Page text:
When Norwegian dance producer Terje Olsen releases his debut LP It’s Album Time on April 8, you’ll find most of the original tracks with which he’s gained a wider audience recently, sounding like a miniature fleet of spaceships taking off. In keeping with that gleefully ridiculous album cover, there’s a certain louche lounge atmosphere, as if he recorded it exclusively at European Union beach resorts.
For the preceding decade, however, under monikers like Pitbullterje or, as he’s mostly known now, Todd Terje (a reference to the house music legend), he captivated Soundcloud-swapping obsessives by releasing numerous remixes and edits, from Earth, Wind & Fire to Alicia Keys. Terje mastered an element that’s been central to dance edits ever since Tom Moulton pioneered the practice for the earliest discotheques: extending the running time to new dimensions, dropping strings or voices from the mix and then bringing them back again, so that a groove might distend bodies through time. And since he’s put out little but original productions for the past few years, here is a wistful primer of favourite Terje jams, borrowed and self-made.
Todd Terje, “Snooze 4 Love”
In music-theory terms (a heated critical topic lately), I might say that the portamento on the arpeggio’s grace notes here gives that synth a reactive sense of buoyancy, as if it had been gracefully surprised. More figuratively, it brings to mind robots playing squash. But you don’t need any technical terminology to realize how evocative and irresistible this track is.
The Bangles, “Dub Like an Egyptian” (Todd Terje Edit)
Returning to the original just now after a long time away, I was struck by how much faster it is than this version. Terje takes the suspended interval of the chorus, Susanna Hoffs intoning “walk like an Egyptian…” as if tambourines had woken her from a trance, and reengineers the entire song along similar lines, until everything sounds like an echo of itself. If there’s anything Egyptian about it, the inspiration was probably the Book of the Dead.
Chaka Khan, “Fate” (Tynneterje Edit)
Sampled on the great Stardust single “Music Sounds Better With You” (not just their lone hit but their only release ever), “Fate” is archetypal Chaka, and Terje wisely uses a light touch, stretching it for dancefloor purposes while hiding his incisions. But the longer running time gives her vocal a dramatic entrance to profess of celestial convergence: “And the moment I held you I knew it / What we do is decided before we do it.”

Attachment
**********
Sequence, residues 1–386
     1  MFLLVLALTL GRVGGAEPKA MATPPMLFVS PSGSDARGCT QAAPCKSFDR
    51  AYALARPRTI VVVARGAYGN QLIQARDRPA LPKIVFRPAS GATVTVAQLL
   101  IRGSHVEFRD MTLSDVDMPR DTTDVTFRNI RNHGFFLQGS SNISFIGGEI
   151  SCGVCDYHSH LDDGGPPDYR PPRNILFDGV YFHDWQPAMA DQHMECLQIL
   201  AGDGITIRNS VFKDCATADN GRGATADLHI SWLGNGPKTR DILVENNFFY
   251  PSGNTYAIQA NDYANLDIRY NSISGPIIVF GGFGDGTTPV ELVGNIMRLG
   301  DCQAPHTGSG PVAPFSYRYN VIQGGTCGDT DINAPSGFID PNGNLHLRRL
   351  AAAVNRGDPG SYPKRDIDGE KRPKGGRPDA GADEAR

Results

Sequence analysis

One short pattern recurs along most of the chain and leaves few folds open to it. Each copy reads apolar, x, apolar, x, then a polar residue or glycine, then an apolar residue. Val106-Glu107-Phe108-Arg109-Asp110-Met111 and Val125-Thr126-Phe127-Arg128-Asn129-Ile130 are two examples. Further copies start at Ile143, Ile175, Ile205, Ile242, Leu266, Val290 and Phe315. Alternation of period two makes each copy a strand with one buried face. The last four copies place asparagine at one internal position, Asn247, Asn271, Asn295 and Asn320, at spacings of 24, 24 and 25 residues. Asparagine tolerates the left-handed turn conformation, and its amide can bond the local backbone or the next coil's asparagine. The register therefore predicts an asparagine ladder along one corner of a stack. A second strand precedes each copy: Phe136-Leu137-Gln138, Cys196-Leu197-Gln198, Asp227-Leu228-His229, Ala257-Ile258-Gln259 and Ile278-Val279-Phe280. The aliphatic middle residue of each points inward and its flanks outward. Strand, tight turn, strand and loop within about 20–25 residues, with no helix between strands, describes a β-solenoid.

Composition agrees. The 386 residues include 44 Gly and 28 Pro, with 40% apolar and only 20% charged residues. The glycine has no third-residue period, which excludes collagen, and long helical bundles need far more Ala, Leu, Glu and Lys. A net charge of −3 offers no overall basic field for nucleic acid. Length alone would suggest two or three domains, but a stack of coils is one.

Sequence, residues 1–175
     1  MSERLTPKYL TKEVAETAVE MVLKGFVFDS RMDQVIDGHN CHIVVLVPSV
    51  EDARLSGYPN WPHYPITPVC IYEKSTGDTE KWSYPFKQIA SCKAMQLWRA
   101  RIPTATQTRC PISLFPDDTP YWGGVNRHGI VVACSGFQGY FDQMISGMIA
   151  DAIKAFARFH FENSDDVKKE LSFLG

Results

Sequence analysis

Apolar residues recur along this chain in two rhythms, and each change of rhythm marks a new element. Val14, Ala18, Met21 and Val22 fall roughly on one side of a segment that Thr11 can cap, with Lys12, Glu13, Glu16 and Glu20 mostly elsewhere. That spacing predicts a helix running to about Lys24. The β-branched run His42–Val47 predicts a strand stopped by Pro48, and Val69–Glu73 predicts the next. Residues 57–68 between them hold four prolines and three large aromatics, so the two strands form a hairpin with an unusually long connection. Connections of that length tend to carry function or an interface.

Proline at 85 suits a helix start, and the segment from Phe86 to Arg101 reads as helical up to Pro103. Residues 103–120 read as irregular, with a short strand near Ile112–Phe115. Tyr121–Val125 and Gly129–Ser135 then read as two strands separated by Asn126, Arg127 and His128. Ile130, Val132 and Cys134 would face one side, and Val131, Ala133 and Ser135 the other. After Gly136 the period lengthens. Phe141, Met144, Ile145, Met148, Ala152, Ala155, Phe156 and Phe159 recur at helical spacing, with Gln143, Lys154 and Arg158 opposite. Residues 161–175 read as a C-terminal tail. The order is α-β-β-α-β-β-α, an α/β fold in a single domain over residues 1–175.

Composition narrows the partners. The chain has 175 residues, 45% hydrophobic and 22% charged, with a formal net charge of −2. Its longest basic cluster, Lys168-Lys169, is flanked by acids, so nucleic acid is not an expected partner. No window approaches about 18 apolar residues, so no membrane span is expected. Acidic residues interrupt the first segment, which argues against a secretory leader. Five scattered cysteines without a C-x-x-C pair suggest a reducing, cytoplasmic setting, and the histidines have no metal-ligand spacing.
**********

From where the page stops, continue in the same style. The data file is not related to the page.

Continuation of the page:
Todd Terje, “Strandbar (Disko)”
Somebody on Norwegian national radio once dissed Terje’s music as being suitable for the beach, or strandbar—this was his revenge. The version on It’s Album Time is truncated, maiming that inexorable progression of break upon break upon break, which reaches ecstatic heights and then sweeps onwards, vamping at a piano one-handed. AsPhilip Sherburne wrote, “the changes just keep morphing and modulating, totally intuitive but still unpredictable.”
Lindstrom & Todd Terje, “Lanzarote”
I wanna go, I wanna go, I wanna go to Honolulu. I wanna go, I wanna go, I wanna go to Santiago. I wanna go, I wanna go, I wanna go to Puerto Rico. I wanna go, I wanna go, I wanna go to Virgin Island. I wanna go, I wanna go, I wanna go to Abu Dhabi. I understand why some fans hate this track—it pushes the jetsetting Eurotrash self-caricature that marks Terje’s solo discography to an idiotic extreme—but everybody thinks that pronunciation of “Santa Barbara” is funny, right?
Chic, “I Want Your Love” (Todd Terje Edit)
“Get Lucky” is cyclical in a very direct way; Daft Punk didn’t even bother using different takes of Pharrell or Nile Rodgers when each respectively appears. This rework of Nile circa 1978 takes the underlying track towards something more like a spiral, coaxing the central riff through a kaleidoscope of mesmeric effects, as that poised vocal descends from above.
Roxy Music, “Love Is the Drug” (Todd Terje Disco Dub)
The only guest vocalist on It’s Album Time is Roxy Music’s Bryan Ferry, who sings their “Johnny and Mary” cover with the husky bemusement of a dying voluptuary. The pair’s earlier quasi-collaboration is a rather more muscular creature—distortion doesn’t muffle any of the bassline’s punch. I like how Ferry mutters “the beat goes on” right before a classic simplify-the-mix trick.
Todd Terje, “Delorean Dynamite”
Possibly my own personal highlight from Terje’s debut, at least amongst the newish contributions. There may be something I want to listen to more than “Thriller” chords in the cosmic ascent of “I Feel Love.” I’m not sure I’ve heard it yet.
Michael Jackson, “I Can’t Help It” (Tangoterje Remix)
Speaking of Michael Jackson, a track like “I Can’t Help It” demonstrates why Off the Wall is his best album qua album:Bad or Thriller might be more heavily stacked with singles, but instead of deep cuts, they yield “Liberian Girl.” The maximalism crowds out anything that’s not monumental. Despite its burgeoning duration, the Terje remix doesn’t seem like a radical transfiguration—but wait, does MJ sound more emphatic now? Where did all the glowing fish come from? When did I wake up inside this desert mine, and why is everybody there playing drums?
Todd Terje, “Inspector Norse”
Sonic the Hedgehog level status: Mushroom Hill Zone.